Report at the Double
This article considers how to automatically produce a report for third parties without revealing confidential information. By Liam Bastick, director with SumProduct Pty Ltd.
I have to produce reports which refer to confidential data that I don’t want end users to see. I am planning to copy and paste the relevant pages into a separate report, but this could be a long laborious process given I will have to create this report regularly and it needs to have quite a few worksheets. Any suggestions?
Whenever you think of tedious, repetitive tasks, try to think about automation, i.e. macros. Copying and pasting between workbooks is fairly trivial (simply set up Macro Recorder and copy a sheet between two workbooks).
Therefore, rather than produce the shortest article yet, I have decided to extend the idea to show how this becomes an issue when copying multiple sheets.
Let’s start from the beginning.
To record a Macro in Excel 2007 onwards, if you are a member of the point and click brigade you are going to need show the Developer tab on the Ribbon:
- Excel 2007: Click on the ‘Office’ button, then click on the ‘Excel Options’ button (ALT + T + O), select ‘Popular’ in the left hand column of the resultant ‘Excel Options’ dialog box and then activate the third check box, ‘Show Developer tab in the Ribbon’ and click ‘OK’
- Excel 2010 and Excel 2013: Click on the ‘File’ tab in the Ribbon, then select ‘Options’ from the left hand column (again, ALT + T + O). Then, select ‘Customize Ribbon’ in the left hand column of the resultant ‘Excel Options’ dialog box and then in the right-hand window, check the ‘Developer’ box and click ‘OK’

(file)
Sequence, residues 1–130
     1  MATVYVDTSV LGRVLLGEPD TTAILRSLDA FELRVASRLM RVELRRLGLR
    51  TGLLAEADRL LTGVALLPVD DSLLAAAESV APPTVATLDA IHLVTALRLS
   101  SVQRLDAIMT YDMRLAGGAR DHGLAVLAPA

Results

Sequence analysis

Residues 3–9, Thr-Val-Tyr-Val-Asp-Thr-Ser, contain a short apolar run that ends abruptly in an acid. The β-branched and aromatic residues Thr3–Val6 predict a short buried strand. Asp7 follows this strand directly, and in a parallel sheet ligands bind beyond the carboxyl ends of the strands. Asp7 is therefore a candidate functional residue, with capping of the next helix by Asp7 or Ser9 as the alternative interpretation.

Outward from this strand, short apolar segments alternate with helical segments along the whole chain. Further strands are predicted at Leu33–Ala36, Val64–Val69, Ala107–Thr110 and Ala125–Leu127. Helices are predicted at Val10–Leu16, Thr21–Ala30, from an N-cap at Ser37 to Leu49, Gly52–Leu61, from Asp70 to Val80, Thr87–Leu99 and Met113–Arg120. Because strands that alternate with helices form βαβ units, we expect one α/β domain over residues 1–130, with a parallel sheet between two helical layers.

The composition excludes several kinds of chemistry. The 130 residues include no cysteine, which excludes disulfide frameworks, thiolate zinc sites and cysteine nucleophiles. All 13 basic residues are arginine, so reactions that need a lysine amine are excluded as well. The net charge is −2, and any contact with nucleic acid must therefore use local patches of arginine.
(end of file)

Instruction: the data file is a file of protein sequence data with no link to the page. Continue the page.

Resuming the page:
If all of this seems like a lot of hassle, the Excel 2003 keystrokes (ALT + T + M + R) still work, even with the Developer Tab not visible.
Once activated, enter appropriate details in the activated dialog box:
Macros can be activated with CTRL plus a character (to be specified) (see graphic above) and can be stored in the current workbook (“This Workbook”), a new workbook, another open workbook (sometimes) or something called your “Personal Macro Workbook”.
By default, when you first create a macro in a workbook, it works only in that workbook. To make your macros available every time you open Excel, you should create them in a workbook called Personal.xlsb. This is a hidden workbook stored on your computer, which opens every time you open Excel and is your “Personal Macro Workbook”, cited above. It should be noted that this feature is not available in Office on a Windows RT PC.
Once you click ‘OK’ everything you do in Excel is recorded (just don’t close the workbook!) until you stop recording:
Using this technique, we can record a macro where we copy a worksheet to a new workbook. Depending upon how you do it, the macro might look something like this in the Visual Basic Editor (ALT + F11) and then find the relevant module located in the file you chose to store the macro:
So far, so good, so what..?
Our problem here is that we want to copy multiple sheets across to multiple sheets in a new workbook. For this example, we will assume all elements copied are to be pasted as values and the sheet tab names are retained, i.e. we will be taking the values only in order to preserve the confidentiality and nature of the original underlying data. This will also prevent the annoying prompt upon opening asking users to update links too.
If we use the above technique for copying and pasting multiple sheets, things start going awry: